• Reply 8 of 60
    All of this is assuming that any of this is true.
    There is an article on AI just below this one saying how Qualcomm,  hired a company to seed bogus Apple stories. 
    https://appleinsider.com/articles/18/11/22/tim-cook-for-president-and-other-campaigns-from-qualcomms-pr-bulldog
    tmaychasmforgot usernamefocher
  • Reply 9 of 60
    gatorguygatorguy Posts: 20,445member
    DAalseth said:
    All of this is assuming that any of this is true.
    There is an article on AI just below this one saying how Qualcomm,  hired a company to seed bogus Apple stories. 
    https://appleinsider.com/articles/18/11/22/tim-cook-for-president-and-other-campaigns-from-qualcomms-pr-bulldog
    It actually doesn't claim that any Qualcomm-funded stories (if there are any, it's a rumor AFAICT) are bogus does it? AI says they're negative stories and/or slants rather than false ones. 
    muthuk_vanalingam
  • Reply 10 of 60
    Rayz2016Rayz2016 Posts: 4,564member
    Dead_Pool said:
    More evidence that prices are too high across the board. 
    Well, since it’s just a rumour, it’s not actually proof of anything. 

    Just so you know how this “rumour” thing works. 
    edited November 2018 StrangeDaysnetmagepbruttoracerhomie3elijahgcornchipbb-15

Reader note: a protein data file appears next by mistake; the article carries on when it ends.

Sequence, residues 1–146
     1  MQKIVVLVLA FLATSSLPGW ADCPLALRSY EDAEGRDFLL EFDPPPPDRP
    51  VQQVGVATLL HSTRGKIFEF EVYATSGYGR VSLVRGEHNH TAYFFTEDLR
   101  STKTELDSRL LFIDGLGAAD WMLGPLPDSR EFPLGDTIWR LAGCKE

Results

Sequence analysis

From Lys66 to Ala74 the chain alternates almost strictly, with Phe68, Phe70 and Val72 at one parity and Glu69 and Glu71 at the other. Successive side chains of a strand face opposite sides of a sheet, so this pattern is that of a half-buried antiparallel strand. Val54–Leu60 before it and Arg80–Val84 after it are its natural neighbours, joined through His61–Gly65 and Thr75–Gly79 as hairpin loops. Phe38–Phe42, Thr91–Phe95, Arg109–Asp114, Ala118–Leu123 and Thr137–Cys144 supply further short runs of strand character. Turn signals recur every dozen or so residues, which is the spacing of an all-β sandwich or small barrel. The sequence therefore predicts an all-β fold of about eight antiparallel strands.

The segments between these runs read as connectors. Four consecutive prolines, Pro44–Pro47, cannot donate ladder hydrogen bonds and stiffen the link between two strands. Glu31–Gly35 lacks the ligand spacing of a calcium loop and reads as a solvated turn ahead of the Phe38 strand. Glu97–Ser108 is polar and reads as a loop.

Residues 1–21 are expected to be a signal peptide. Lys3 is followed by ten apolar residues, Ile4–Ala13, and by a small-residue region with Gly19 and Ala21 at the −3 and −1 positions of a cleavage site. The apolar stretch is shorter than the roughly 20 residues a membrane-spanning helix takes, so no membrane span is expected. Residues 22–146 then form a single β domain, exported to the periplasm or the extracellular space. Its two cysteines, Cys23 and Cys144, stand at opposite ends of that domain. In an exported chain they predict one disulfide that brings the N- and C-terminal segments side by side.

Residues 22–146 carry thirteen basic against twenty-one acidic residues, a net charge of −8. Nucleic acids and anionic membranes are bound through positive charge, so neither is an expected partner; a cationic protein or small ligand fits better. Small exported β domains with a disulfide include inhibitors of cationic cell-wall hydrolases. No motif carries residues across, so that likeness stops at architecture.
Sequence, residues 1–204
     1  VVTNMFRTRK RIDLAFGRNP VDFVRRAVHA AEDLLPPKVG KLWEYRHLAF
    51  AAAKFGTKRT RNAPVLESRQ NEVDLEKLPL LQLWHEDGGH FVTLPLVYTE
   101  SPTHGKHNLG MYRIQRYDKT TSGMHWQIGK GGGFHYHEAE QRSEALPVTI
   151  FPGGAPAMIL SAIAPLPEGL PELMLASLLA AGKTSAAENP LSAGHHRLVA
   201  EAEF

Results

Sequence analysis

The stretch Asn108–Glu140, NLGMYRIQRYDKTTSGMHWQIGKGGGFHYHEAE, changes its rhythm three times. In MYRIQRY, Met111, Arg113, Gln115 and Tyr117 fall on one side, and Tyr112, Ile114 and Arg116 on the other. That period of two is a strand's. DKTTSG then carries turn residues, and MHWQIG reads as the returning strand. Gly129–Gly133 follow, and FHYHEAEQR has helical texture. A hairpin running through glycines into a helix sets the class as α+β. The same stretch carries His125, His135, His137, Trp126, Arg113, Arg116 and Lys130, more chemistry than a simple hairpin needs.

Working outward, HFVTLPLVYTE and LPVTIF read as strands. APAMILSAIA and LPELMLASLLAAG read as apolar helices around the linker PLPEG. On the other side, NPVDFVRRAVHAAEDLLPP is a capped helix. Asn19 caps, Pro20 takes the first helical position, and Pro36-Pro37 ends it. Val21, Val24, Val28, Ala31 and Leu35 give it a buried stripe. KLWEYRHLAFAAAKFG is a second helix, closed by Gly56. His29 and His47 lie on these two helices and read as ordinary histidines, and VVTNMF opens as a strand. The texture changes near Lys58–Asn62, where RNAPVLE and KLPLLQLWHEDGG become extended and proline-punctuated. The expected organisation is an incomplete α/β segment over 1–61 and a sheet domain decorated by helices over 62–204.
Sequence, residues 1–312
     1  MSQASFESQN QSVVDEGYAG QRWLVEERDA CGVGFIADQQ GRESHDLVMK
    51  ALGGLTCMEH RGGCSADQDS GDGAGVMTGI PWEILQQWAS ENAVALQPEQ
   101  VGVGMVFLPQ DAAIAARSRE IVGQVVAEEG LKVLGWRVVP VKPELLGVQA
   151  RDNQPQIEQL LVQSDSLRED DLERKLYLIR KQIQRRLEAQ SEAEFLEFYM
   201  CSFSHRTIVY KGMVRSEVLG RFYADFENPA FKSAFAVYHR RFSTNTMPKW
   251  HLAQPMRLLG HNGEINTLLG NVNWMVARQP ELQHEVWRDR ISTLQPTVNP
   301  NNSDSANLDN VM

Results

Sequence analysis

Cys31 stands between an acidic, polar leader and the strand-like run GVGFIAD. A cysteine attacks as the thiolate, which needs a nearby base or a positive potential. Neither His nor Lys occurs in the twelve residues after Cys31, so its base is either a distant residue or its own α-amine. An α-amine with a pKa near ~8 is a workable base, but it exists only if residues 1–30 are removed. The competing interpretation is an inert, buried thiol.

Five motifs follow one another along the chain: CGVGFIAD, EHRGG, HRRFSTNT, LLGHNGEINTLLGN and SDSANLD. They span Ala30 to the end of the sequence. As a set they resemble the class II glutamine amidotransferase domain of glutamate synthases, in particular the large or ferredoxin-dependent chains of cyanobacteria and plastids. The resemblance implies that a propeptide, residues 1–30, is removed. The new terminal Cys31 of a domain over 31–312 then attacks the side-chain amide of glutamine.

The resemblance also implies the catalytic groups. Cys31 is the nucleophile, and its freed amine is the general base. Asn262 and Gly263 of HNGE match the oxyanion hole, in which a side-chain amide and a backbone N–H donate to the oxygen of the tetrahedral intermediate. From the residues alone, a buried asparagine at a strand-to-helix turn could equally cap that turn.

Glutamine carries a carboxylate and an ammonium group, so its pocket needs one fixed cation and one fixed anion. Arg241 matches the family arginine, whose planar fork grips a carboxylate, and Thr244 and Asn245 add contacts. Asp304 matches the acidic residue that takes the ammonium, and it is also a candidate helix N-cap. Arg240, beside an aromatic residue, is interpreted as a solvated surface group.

• Reply 11 of 60
    Dead_Pool said:
    More evidence that prices are too high across the board. The phones are not the problem; the prices are. Half of the iPhone’s price increase since it was released a decade ago has come in the last year alone.  
    We won't know if it's evidence (or not) until Apple reports their financial results for the holiday quarter.
    netmagecornchipbb-15
  • Reply 12 of 60
    Unfortunately due to currency fluctuations, this year’s iPhone X would be the same price as last year’s iPhone X in many countries.
    pbruttobb-15
  • Reply 13 of 60
    I see a lot of people suggesting the XR is a failure even comparing to to the 5C. Some claim it’s the poor mans iPhone X. Funny how nobody said this when the phone was launched. Even with reviews I didn’t see anyone arguing it would be viewed as a lesser XS. In fact many argued it would be the best selling model because it had the best battery life, came in colors, was cheaper and the XS looked the same as the X with only incremental improvements. Now it’s the 5C all over again? Give me a break.
    Also, the 5C was sold very well. Per AI and other sources, it was the #2 selling handset in carrier stores, second only to the....5S flagship.

    https://appleinsider.com/articles/13/10/04/apples-iphone-5s-tops-sales-charts-at-big-4-us-carriers-iphone-5c-close-behind
    netmageMisterKitmagman1979racerhomie3cornchipbb-15